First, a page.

The phone’s full HD display isn’t as nice to look at as the S6’s or the iPhone’s when watching videos or playing games, but it’s bright and colourful enough to make everything stand out anyway. There are no physical buttons to get in the way of the screen, either, giving you a larger viewing area.
A 5.2-inch screen makes it perfect to hold in one hand and reach all its areas without any trouble and is much easier to handle than the massive LG G4 or HTC One M9.
Like all recent Huawei and Honor handsets, the Huawei P8 combines Google’s Android 5.0 Lollipop operating system with its own Emotion User Interface.
This makes the design of the software similar to Apple’s iOS and, although it has improved over the years, there are still some slight hiccups.
Each app icon has been given a slightly childish skin, which may put some people off. You can download different themes, however, so there is a solution to that problem.
There’s also no app tray – where you can store any apps you don’t want cluttering up your phone’s home screen.
This means your P8’s homescreen will be jam packed with dozens of folders or unwanted apps. It’s not a problem that’s exclusive to the P8; an app tray is absent from other Huawei and Honor handsets. We really hope that Huawei gains the sense to add this in an update and to its forthcoming devices, especially when its major rivals have quite rightly included it on their phones.
The Huawei P8 does lack bloatware apps – the software that a manufacturer preloads its device with. This is an advantage over its competitors. The lack of bloatware in the P8 means your phone’s memory won’t be weighed down by needless and useless apps.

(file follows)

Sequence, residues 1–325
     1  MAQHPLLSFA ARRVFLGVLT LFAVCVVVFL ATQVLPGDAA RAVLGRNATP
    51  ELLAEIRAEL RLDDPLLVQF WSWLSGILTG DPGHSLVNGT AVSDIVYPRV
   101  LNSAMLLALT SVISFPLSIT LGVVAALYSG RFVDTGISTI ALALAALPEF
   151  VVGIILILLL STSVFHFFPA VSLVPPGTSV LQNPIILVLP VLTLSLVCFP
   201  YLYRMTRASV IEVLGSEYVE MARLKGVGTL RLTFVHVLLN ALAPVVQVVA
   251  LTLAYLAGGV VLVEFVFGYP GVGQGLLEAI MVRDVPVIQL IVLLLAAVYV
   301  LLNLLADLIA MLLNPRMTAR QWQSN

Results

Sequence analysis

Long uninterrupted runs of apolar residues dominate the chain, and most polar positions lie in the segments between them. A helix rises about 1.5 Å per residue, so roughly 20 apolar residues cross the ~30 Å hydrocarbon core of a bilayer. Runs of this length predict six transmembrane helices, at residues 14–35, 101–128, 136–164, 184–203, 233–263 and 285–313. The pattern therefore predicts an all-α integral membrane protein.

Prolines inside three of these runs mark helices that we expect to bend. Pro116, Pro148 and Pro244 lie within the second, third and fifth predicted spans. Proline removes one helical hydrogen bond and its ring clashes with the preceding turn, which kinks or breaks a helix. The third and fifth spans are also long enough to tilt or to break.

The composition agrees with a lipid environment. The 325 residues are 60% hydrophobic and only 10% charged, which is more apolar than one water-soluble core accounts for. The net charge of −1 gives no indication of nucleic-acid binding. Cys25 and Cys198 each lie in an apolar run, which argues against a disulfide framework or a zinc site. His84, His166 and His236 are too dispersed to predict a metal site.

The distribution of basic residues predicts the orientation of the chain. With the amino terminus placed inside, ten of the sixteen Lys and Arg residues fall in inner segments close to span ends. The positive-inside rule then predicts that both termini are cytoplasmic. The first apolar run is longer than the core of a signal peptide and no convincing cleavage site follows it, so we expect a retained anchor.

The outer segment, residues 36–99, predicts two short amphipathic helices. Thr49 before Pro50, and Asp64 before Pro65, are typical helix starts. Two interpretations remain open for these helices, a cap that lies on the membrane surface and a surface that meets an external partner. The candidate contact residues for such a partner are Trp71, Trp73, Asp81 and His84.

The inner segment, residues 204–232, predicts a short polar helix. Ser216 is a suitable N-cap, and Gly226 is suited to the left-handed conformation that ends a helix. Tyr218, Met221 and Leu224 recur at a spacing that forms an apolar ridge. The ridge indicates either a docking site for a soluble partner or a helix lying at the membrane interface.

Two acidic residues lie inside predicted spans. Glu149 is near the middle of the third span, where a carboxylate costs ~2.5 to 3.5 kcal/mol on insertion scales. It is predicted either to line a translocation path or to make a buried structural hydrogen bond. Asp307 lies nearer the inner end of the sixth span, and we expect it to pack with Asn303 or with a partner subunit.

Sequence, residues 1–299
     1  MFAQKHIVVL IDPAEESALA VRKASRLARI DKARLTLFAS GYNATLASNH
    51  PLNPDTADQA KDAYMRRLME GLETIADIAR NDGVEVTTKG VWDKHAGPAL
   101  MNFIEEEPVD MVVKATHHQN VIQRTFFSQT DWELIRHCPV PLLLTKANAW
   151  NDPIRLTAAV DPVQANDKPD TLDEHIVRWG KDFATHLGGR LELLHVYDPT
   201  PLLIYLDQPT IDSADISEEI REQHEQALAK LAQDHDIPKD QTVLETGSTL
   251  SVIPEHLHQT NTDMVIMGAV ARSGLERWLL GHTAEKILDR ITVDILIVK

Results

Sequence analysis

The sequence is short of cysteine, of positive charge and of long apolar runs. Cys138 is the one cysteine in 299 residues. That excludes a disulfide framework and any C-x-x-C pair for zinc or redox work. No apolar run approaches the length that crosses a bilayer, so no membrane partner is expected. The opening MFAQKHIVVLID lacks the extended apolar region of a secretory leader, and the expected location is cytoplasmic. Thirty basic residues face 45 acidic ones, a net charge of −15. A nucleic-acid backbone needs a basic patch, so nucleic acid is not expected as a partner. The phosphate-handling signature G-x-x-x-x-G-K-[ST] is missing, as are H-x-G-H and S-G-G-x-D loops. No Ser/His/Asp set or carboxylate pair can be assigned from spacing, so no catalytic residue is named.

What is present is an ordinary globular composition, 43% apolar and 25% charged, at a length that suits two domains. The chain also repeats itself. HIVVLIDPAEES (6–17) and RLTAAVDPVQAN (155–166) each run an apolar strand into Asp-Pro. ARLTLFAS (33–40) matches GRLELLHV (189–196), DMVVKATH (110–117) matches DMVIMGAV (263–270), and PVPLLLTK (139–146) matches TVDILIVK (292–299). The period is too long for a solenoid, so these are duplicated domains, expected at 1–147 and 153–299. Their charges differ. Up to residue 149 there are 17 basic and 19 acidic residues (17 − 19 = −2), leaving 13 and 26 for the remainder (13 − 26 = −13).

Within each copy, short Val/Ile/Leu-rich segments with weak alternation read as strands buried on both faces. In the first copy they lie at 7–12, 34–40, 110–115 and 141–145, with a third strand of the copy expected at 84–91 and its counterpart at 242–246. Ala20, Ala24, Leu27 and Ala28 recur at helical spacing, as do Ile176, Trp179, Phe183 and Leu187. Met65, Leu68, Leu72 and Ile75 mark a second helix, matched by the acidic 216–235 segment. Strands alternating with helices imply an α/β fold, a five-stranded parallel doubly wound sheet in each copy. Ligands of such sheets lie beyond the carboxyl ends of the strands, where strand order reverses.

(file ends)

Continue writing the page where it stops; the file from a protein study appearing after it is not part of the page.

You can even choose to have a picture slideshow as your lock screen, so you’re not restricted to just a single picture.
However, you can’t open apps from the notification screen, so you have to fiddle around with unlocking the phone and then finding the app to check your notifications. The keyboard hasn’t got the biggest keys either. If you’ve got big fingers, you’ll probably hit more than one button and make regular typos. You can also double tap the screen with your knuckle to take a screenshot. This worked for us each time and is a nice, easy alternative to holding two buttons at once.
The 3GB of RAM means it can handle games and software with very little stutter and lag. It isn’t as fast as the iPhone 6 or Samsung Galaxy S6, but the difference isn’t really a deal breaker, especially when you consider the cheap price.
The graphics on games were decent, too. It’s not as vibrant as the Samsung Galaxy S6, but it should still be perfectly fine for most.
Like most top-range phones such as the iPhone S6 and Samsung Galaxy S6. You can’t remove the battery. That shouldn’t be a problem, however, as we managed to get a full day out of the 2,600mAh cell without any trouble.
There was the odd occasion where we needed to charge it at the end of the day, but
that was rare.
Heavy usage with Bluetooth, RunKeeper, Spotify, gaming and photography did take its toll on the device and I had to charge it within half a day. The S6 and iPhone 6 both suffer the same problems, so it’s not uncommon.
There is a useful power consumption monitor on the P8, which tells you which apps are using the battery the most and allows you to switch them off. You can choose which apps you want to function or switch off when it’s in standby, helping you preserve more power.
A power saving mode optimises power consumption while an ultra power saving mode only allows access to
basic applications to save even more juice battery.
An attractive device that gives you top-of-the-range specs and a fantastic camera for half the price of the Samsung Galaxy S6 or iPhone. The performance isn’t as slick as its major rivals, but that isn’t a deal breaker. Especially when the phone costs half the price of the iPhone 6 and Samsung Galaxy S6.